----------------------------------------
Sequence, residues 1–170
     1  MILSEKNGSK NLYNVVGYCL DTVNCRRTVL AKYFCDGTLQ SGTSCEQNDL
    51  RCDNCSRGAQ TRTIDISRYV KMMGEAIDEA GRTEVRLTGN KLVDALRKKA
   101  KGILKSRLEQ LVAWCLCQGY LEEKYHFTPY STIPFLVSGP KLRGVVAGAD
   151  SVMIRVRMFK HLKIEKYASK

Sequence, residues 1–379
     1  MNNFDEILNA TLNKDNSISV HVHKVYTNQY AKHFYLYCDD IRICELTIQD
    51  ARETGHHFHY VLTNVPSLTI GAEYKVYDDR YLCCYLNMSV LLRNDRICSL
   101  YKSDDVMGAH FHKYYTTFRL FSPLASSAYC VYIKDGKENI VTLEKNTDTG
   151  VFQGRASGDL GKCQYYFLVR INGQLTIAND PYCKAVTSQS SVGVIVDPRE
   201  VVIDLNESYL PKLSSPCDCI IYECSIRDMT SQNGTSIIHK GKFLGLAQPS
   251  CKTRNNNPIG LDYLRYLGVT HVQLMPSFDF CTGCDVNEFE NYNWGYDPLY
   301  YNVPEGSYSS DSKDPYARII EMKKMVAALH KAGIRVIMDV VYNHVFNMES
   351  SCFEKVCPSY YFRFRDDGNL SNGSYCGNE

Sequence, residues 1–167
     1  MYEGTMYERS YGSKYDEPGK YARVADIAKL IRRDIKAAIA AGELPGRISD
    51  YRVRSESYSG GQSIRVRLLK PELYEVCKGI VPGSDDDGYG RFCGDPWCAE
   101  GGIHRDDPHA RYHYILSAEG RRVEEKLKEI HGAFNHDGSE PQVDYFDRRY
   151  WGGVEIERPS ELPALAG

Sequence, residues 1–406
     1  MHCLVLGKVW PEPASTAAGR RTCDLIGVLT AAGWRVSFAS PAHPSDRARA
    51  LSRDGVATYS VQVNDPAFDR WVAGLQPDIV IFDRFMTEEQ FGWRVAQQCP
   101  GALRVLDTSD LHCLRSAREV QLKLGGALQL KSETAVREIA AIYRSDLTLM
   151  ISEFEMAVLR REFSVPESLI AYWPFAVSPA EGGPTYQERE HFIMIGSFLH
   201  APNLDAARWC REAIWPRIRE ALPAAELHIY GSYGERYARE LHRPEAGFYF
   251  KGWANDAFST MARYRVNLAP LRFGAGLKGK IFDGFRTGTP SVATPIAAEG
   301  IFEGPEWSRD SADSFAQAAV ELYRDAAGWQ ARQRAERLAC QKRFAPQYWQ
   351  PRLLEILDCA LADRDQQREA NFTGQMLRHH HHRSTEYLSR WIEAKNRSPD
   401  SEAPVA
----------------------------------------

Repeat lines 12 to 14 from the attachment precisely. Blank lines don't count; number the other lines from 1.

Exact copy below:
   251  CKTRNNNPIG LDYLRYLGVT HVQLMPSFDF CTGCDVNEFE NYNWGYDPLY
   301  YNVPEGSYSS DSKDPYARII EMKKMVAALH KAGIRVIMDV VYNHVFNMES
   351  SCFEKVCPSY YFRFRDDGNL SNGSYCGNE